Strong company earnings boosted stocks on Wall Street Friday. Investors also saw a chance to add to their holdings after declines earlier in the week.
Nike reported a surge in profit, sending its stock price to a record. Tiffany topped earnings predictions, boosted by demand from customers in Asia.
A strong run-up in stocks this year is encouraging investors to buy whenever the market dips, says Ron Florance, managing director of investment strategy at Wells Fargo Private Bank.
"We still have an astonishing amount of money sitting on the sidelines," says Florance.
The Dow Jones industrial average rose 90.54 points, or 0.6 percent, to 14,512.03 Friday. The Standard & Poor's 500 index rose 11.09 points, or 0.7 percent, to 1,556.89. The Nasdaq composite gained 22.40 points, or 0.7 percent, to 3,245.
Nike's stock hit an all-time high, rising 11 percent to $59.53 after the company reported a spike in quarterly profit. Tiffany's stock rose nearly 2 percent to $69.23 after it reported strong earnings.
Despite Friday's gains, the S&P 500 was down for the week, falling seven points, or 0.3 percent. The index was weighed down by another debt crisis in Europe and disappointing corporate news.
The Dow had its worst week in more than a month, shedding a fraction of a percentage point.
The markets got hit on several fronts.
The Mediterranean island nation of Cyprus, a banking haven, struggled to devise a plan to avoid financial collapse.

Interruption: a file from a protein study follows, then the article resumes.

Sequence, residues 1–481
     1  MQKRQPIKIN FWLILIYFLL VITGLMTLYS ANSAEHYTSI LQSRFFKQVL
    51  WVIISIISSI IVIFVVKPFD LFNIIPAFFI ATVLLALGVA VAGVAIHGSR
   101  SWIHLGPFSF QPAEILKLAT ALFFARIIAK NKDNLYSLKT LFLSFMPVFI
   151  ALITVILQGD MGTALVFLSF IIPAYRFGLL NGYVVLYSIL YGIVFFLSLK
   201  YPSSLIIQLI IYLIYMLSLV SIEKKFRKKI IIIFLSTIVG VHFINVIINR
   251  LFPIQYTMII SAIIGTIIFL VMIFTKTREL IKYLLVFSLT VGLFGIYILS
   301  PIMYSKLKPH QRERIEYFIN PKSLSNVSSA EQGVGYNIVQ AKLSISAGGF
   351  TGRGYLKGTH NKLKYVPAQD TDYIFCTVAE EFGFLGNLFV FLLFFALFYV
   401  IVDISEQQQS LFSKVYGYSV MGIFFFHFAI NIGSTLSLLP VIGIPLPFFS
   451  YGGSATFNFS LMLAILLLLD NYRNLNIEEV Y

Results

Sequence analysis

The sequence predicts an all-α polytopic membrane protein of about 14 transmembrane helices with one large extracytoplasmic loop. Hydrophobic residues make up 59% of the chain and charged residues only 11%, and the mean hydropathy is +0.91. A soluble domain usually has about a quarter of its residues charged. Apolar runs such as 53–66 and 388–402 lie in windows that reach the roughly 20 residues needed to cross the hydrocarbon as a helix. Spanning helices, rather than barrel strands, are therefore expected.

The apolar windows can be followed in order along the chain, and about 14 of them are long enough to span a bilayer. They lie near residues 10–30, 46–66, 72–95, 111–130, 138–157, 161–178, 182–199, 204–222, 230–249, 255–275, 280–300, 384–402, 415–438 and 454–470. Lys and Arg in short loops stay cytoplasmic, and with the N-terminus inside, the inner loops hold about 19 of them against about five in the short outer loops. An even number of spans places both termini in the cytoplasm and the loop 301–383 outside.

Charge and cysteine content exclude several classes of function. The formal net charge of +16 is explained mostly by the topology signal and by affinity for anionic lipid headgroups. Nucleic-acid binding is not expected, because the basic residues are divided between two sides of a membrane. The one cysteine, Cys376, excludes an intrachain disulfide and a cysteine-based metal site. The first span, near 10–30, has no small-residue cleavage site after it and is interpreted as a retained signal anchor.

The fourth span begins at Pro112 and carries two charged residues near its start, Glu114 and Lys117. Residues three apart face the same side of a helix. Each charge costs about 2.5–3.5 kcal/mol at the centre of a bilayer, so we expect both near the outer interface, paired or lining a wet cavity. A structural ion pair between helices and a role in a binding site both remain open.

Oracle reported weak sales. FedEx, a bellwether for the economy, posted a drop in quarterly profit and cut its annual earnings forecast.
As a result, the S&P 500 logged only its second weekly decline of the year. The first came the week of Feb. 22, when investors were spooked by the minutes from a Federal Reserve policy meeting. The minutes revealed disagreement over how long to keep buying bonds in an effort to boost the economy.
A pause in the stock market run-up is due, says Terry Sandven, chief equity strategist at U.S. Bank Wealth Management. Gains this year overstate the improvement in the economy, he says.
The biggest risk to the market run-up will come when the Fed faces increasing pressure to end its stimulus program. That could happened if the economy continues to improve and stock markets rise, says Sandven.
The yield on the 10-year Treasury note rose to 1.93 percent from 1.92 percent.
Among other stocks making big moves Friday;
? Micron Technology rose 97 cents, or 10.7 percent, to $10.05 despite reporting a loss in its fiscal second-quarter later Thursday. The chipmaker said that revenue grew 3 percent, to $2.08 billion, better than analysts had expected.
? Anacor Pharmaceuticals Inc. climbed $1.24, or 25.6 percent, to $6.08 Friday, after the drug developer reported strong data from a mid-stage study of a potential chronic rash treatment.
? Marin Software, a marketing software company, rose $2.26, or 16.1 percent, to $16.26 on its market debut. The San Francisco-based company raised $105 million in its initial public offering.
? AK Steel Holding fell 16 cents, or 4.6 percent, to $3.31, after projecting a larger-than-expected first-quarter loss because a previously expected seasonal increase in demand for steel hasn't materialized.